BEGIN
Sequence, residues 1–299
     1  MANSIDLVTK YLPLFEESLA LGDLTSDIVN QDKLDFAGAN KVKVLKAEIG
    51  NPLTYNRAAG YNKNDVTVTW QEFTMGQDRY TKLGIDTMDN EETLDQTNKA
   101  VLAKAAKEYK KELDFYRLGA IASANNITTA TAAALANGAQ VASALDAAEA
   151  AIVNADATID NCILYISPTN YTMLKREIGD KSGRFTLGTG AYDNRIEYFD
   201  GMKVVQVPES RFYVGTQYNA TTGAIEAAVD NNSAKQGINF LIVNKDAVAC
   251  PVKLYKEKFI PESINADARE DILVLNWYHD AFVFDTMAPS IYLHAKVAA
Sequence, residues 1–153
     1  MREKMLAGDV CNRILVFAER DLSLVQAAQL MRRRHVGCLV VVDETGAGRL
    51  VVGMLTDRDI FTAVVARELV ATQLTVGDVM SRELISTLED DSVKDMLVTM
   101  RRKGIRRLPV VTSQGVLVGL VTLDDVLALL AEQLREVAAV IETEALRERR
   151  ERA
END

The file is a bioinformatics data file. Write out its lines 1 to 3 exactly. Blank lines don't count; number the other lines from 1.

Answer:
Sequence, residues 1–299
     1  MANSIDLVTK YLPLFEESLA LGDLTSDIVN QDKLDFAGAN KVKVLKAEIG
    51  NPLTYNRAAG YNKNDVTVTW QEFTMGQDRY TKLGIDTMDN EETLDQTNKA